In C++ and Java, GRANITE throws exceptions to signal error conditions. Exceptions in COM are handled using COM's standard error-handling facilities. The exception object contains detailed information about the error, such as the severity and type of error, the action that should be taken to recover, and specific geometric information depending on the particular error condition.

Geometry Modeling

What geometric representation does GRANITE use for curves and surfaces?
GRANITE contains representations for construction geometry, quilts of surfaces, and boundary representations of solid models. These representations are optimized for mechanical design and handle common non-manifold situations that occur in mechanical designs.

All the curves and surfaces stored in GRANITE are non-procedural, and evaluators provided are precise and efficient. Analytic geometry is always used when possible.

GRANITE exposes the definition of a number of curve and surface types. Curves types include line, arc, ellipse, parabola, hyperbola, spline, bspline, and composite curves. Surface types include plane, cylinder, cone, torus, revolved, spline surface, and bspline surface.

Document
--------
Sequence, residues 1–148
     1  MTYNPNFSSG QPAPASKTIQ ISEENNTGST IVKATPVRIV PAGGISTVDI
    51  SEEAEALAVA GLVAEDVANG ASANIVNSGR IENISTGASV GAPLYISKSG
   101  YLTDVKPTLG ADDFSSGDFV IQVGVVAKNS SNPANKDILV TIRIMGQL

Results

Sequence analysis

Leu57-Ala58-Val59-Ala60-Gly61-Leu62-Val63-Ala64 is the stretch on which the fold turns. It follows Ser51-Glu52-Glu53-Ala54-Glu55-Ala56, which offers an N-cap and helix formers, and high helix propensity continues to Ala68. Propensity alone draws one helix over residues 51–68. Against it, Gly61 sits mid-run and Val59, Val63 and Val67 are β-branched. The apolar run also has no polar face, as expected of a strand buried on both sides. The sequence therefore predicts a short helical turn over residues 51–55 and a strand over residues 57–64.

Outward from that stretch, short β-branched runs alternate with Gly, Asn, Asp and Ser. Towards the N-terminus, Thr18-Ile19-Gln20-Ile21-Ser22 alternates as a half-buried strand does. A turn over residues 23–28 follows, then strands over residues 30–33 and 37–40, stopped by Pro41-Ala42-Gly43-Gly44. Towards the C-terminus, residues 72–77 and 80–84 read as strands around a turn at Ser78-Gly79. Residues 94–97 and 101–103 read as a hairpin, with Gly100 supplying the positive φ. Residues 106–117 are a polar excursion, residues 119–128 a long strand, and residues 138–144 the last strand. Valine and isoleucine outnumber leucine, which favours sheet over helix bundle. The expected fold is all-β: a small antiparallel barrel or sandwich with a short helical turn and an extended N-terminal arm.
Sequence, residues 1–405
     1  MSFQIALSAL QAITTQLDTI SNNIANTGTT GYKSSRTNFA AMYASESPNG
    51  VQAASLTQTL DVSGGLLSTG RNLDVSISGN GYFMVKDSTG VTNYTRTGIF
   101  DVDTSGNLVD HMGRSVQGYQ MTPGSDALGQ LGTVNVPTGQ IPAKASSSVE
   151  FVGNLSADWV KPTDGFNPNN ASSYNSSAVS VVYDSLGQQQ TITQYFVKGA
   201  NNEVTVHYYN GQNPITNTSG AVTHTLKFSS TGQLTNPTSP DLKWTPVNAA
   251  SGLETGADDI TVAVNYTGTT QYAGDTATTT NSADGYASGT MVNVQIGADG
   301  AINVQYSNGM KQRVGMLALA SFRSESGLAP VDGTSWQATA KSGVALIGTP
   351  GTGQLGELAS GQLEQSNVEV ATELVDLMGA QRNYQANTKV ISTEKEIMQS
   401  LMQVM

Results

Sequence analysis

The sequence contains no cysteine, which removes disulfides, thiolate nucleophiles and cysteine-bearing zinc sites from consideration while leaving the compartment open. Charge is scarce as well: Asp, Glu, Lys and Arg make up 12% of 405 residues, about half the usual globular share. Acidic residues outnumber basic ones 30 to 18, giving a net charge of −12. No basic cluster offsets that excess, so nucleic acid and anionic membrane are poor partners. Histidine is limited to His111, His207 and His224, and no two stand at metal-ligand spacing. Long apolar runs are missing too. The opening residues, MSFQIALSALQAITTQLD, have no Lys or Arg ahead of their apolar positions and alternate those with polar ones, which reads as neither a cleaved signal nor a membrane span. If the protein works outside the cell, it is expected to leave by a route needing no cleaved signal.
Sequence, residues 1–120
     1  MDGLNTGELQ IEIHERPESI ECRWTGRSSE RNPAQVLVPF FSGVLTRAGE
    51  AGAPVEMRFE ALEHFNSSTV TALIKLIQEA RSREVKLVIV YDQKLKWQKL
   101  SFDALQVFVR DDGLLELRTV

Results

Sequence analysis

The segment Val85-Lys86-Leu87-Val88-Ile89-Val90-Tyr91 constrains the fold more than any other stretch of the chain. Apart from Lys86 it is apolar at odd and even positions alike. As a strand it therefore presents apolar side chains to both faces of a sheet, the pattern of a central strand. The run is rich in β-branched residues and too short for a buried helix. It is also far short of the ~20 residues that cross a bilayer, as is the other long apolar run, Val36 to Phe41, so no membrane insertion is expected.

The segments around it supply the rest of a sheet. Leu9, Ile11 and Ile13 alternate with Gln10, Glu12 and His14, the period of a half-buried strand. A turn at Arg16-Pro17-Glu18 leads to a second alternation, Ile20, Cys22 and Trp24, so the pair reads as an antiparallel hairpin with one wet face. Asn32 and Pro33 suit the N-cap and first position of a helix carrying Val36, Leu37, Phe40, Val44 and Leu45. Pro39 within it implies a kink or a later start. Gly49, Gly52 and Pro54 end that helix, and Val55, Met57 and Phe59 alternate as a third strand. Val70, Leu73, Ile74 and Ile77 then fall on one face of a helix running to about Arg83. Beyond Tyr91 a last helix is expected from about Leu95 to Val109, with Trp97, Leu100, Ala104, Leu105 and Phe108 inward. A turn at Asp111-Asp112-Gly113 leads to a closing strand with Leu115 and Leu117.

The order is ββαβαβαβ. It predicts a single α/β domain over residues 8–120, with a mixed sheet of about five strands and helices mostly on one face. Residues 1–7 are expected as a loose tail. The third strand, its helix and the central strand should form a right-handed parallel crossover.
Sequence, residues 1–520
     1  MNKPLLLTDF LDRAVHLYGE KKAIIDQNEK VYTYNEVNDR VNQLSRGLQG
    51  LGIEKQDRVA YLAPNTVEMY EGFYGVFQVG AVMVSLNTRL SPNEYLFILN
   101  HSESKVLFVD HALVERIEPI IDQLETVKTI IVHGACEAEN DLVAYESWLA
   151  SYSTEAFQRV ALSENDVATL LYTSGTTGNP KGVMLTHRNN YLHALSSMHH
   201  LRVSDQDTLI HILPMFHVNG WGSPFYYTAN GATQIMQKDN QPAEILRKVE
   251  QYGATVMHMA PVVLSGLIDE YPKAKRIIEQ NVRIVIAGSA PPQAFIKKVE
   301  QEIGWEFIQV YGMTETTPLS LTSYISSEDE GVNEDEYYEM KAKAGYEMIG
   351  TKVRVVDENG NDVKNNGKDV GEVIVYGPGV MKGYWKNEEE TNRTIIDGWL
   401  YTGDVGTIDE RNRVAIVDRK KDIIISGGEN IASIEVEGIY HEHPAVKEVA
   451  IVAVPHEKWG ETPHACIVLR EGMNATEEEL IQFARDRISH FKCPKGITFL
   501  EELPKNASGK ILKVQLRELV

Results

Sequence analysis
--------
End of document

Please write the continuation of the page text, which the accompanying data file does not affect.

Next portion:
Testing, Bug Reporting, and Support

Is there a journaling capability built in the kernel to assist in debugging and reporting bugs?
The GRANITE API calls can be recorded in a language neutral format that is easily converted to Java or C++ for execution in a debugging environment. You can also send journal files to PTC for bug reporting.

Is there a test harness to explore new functionality and to identify bugs?
gStudio, the GRANITE development environment, is a Java-based prototyping tool and test harness that displays GRANITE models, allows interrogation and evaluation, and has a Java command line interpreter of Java and GRANITE commands. Using gStudio, you can quickly prototype new code in the test harness and replay journal files from your application to identify bugs. You can also convert those files to C++ or Java code and reuse that code in your application.

What technical support exists for GRANITE?
GRANITE licensees under maintenance are entitled to call or email the GRANITE Support Hotline for implementation guidance or defect reporting. PTC will work to drive all questions and issues to resolution.

What documentation is available for GRANITE?
The GRANITE documentation set, supplied as on-line documentation to be read in a standard web browser, comprises:

Related Resources